Backroom deals with separatists


So I WASN'T going to write more about this. But then I read this article (I was at work, working on a LOCAL political story during the actual address/s).

In case you care, here's my thoughts:

In his five-minute, pre-recorded statement, Harper spoke bluntly against the proposed Liberal-NDP coalition, saying the federal government must stand unequivocally for keeping the country together.
Recorded? Really? Even Bush has gone live on less pressing issues than a coup d'etat.
In a pre-taped rebuttal broadcast shortly after Harper's address, Dion defended the notion of a proposed coalition government "as normal and current practice in many parts of the world."
I don't know guys. IP, I know you have written about this extensively... but if it was THAT normal to hold an election, get a minority government, then have the opposition governments team up and try to "de-throne" you... then why haven't many of us heard of such an option before? My argument is that it is NOT normal, it is used in SPECIAL circumstances. So please, people, stop calling it normal!!!

Moreover, the Conservatives have lost the confidence of the majority of members of the House of Commons, meaning "they have lost the right to govern," Dion said

Fair enough. He has lost the confidence of the house. But I'd really like to hear what THE PEOPLE think. I've been hearing so many freakin' politicians as of late, but no "the Canadian consensus" polls or anything. Granted I guess you could call the election an opinion poll... but when people voted, they thought they were voting for ONE governing party. Not a coalition.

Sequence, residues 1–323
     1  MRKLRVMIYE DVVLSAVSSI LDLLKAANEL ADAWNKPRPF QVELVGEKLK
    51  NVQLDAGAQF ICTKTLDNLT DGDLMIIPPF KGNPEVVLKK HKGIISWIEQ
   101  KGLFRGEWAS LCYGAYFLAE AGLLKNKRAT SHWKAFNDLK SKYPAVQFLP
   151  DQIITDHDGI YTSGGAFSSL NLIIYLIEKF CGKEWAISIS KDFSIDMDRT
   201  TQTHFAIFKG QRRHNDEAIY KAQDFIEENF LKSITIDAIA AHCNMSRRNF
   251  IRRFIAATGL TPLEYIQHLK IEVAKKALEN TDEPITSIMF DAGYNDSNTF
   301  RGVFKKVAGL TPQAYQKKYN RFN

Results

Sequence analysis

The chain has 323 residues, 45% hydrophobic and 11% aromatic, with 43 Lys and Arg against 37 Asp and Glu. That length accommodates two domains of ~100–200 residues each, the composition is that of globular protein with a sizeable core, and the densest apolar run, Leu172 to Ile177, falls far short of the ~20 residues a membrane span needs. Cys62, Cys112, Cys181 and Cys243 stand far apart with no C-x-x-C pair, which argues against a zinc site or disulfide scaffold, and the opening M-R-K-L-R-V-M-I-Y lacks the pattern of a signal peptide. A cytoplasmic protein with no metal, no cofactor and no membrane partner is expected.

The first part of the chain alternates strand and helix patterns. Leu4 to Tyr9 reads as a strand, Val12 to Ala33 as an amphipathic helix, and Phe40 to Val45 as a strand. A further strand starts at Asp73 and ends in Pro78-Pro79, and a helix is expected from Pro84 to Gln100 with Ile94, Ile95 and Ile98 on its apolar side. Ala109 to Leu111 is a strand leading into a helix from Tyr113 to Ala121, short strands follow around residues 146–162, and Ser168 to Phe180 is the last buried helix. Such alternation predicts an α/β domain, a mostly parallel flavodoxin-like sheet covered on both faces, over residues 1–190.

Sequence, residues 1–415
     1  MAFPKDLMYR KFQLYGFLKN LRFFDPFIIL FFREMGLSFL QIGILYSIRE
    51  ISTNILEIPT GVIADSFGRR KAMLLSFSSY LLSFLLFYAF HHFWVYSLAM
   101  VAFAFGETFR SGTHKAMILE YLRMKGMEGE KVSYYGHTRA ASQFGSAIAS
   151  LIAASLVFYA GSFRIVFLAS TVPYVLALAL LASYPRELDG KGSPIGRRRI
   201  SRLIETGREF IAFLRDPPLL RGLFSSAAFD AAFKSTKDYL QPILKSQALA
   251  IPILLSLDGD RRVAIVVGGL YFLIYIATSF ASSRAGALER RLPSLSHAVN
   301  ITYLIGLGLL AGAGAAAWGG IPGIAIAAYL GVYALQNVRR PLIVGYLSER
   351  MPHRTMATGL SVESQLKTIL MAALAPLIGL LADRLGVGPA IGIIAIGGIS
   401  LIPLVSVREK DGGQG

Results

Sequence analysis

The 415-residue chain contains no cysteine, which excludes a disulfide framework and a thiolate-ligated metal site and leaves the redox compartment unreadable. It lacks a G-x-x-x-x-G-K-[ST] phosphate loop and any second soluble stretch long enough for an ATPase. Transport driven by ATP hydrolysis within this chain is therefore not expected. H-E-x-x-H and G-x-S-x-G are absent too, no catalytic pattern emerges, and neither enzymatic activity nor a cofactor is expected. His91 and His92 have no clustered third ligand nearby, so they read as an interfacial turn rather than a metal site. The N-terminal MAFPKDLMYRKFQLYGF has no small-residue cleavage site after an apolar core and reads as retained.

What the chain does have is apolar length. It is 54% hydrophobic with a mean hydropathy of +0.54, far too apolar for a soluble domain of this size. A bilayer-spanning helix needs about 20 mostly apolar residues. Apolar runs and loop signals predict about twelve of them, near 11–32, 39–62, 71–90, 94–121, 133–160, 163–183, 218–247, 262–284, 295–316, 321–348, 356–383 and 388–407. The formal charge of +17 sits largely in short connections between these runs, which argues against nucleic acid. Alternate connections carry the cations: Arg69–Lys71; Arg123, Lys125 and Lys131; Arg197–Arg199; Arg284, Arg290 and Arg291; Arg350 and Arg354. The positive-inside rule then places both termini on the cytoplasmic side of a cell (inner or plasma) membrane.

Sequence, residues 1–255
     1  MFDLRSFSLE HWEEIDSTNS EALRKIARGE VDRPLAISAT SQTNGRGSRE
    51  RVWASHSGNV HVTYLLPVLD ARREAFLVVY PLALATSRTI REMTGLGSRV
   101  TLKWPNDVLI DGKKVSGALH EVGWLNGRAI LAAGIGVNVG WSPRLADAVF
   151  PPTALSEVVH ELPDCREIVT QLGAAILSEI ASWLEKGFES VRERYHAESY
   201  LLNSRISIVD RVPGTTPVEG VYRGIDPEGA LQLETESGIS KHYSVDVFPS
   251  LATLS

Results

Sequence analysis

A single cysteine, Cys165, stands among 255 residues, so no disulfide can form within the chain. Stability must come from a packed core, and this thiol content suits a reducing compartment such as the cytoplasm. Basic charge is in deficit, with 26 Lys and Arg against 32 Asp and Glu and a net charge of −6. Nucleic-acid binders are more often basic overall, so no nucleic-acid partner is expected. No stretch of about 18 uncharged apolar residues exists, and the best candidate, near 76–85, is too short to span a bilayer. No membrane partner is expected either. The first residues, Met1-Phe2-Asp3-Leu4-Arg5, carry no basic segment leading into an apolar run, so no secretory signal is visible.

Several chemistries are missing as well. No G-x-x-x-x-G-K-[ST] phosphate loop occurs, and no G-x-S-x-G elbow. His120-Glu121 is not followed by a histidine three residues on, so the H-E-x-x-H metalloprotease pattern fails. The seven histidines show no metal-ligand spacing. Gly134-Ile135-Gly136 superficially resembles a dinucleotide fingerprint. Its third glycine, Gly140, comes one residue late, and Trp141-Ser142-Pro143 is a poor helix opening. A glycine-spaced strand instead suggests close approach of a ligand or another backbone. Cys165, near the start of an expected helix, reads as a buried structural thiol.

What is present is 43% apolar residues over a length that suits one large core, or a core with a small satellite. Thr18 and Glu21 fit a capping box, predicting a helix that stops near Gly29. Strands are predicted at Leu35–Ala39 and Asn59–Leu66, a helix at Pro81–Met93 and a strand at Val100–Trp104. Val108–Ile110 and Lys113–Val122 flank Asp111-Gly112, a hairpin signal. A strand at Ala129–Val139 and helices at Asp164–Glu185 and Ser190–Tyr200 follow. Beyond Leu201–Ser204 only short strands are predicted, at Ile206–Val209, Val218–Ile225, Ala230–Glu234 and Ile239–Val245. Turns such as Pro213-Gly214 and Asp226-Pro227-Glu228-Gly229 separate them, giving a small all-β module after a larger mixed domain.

He will visit Gov. Gen. Michaƫlle Jean, who returned to Ottawa on Wednesday from Europe, Thursday at 9:30 a.m. ET to discuss the issue, although it was not immediately clear what Harper will ask her to do.

WHAT? The current government is crumbling and the GG is going to make sure she gets her bagel with cream cheese and latte before discussing it with the PM? WHY are they not meeting tonite? She's already in Ottawa? Have a dinner date. DEAL WITH THIS.

Now before y'all jump on me for one thing or another, I don't pretend to completely understand what's going on here. I also don't really subscribe to any of the Canadian political parties (I can't actually, it says in my job description). So I'm just here to spew out CAPTIAL LETTERS and give My Humble Opinion.

But you guys are more than welcome to argue about this in my comments section (as you've already done on my last post hahaha).

Until we hear more...


Meandering Michael December 4, 2008 at 1:01 PM  

Wanna do a story on "Northern Bloggers Advocate for a Federal Consensus Government System"?

Idealistic Pragmatist December 4, 2008 at 1:56 PM  

A few things:

1) Stephen Harper didn't "get a minority government" as a result of the election. The voters got a parliament in which Stephen Harper's Conservatives got about 46% of the seats. That parliament (and not the voters) decided to allow that party to form a government on their own despite not holding a majority of the seats, under the assumption that he would treat the minority as a minority and work with the other parties. When it became clear that they weren't going to do that, they tried another option.

2) If you're asking why so many Canadians didn't realize that we vote for a parliament and not a government, I have no idea why that is. I find it incredibly disturbing. I became a Canadian in my early thirties, and that sort of stuff was part of what I had to study for my citizenship exam. I had only assumed it was taught in Canadian high schools, too.